4. Vs. 21, though true, states only the external or civil side of this commandment. See Ex. 20:13; 21:12; Lev. 24:17; Deut. 5:17. But Jesus brings out the true meaning of this commandment in the OT. That is the meaning of vs. 22. The person who is angry at his brother (see I Jn. 3:15) is not only guilty of earthly judgment as a murderer but is also guilty of hell-fire. Read Eph. 4:26-27. Anger in itself is not wrong. Anger is an attribute of God. But it should never be the kind that consumes the brother or turns into a grudge. Christians are still sinners. But they have a new man which must rule the old man. There are times when Christians, like Jesus, are rightfully angry. But the anger must not destroy or hurt the brother or become a grudge. To summarize: wrongful anger destroys the brother and is murder.
5. Vss. 23-24 tell us that an unresolved situation with another human being is dangerous for the Christian. He must not live with a guilty conscience or offensive unforgiveness toward his neighbor. The point of vss. 23-24 is that anger or hatred of the heart is murder.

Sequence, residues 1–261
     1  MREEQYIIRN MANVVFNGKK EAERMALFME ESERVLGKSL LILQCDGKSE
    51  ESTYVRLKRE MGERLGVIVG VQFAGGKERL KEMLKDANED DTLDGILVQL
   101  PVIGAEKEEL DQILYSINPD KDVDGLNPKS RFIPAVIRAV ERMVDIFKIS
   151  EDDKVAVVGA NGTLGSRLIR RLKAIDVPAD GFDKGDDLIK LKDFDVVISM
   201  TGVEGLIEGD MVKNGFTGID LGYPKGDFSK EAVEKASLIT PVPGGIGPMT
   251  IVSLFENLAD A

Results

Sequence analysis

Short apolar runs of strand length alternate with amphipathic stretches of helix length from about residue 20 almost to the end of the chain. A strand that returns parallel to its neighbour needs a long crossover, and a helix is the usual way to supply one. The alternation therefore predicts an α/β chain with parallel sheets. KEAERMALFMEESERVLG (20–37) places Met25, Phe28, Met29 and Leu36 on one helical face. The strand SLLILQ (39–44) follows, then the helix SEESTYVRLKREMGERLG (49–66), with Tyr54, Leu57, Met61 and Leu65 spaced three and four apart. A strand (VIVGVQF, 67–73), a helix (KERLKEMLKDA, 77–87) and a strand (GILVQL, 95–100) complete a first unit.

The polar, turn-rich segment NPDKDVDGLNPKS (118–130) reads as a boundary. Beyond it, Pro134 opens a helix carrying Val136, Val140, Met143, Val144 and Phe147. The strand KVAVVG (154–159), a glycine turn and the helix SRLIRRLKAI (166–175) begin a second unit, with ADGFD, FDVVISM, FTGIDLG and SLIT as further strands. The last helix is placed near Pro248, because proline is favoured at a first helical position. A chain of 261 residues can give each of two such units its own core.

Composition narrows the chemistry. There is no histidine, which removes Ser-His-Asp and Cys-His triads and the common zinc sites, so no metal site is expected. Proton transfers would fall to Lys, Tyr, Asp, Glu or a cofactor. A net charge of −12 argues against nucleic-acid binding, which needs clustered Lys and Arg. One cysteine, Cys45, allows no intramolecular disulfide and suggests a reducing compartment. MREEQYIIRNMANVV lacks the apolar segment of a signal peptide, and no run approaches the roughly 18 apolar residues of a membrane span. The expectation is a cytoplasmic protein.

6. For vs. 25 read Lk. 6:27-35. Jesus is not saying that we should give up our principles to our adversary. But you should not hate him because that can lead to the loss of your soul.
7. Note the frequency of "Truly I say to you," vss. 18, 20, 22, and 26. This denotes the divinity of Jesus. He is true God.
8. Vs. 26 is like Lk. 13:3.5: "Unless you repent you will perish." Condemnation to eternal punishment is irrevocable. It cannot be changed. But a living repentance (confession of sins, faith in Christ, the fruits of faith) frees us from the condemnation of hell. Christians produce not only external, civil righteousness but also the internal heart righteousness which is a fruit of faith.
THEME: Why the Scribes And Pharisees Lacked True Righteousness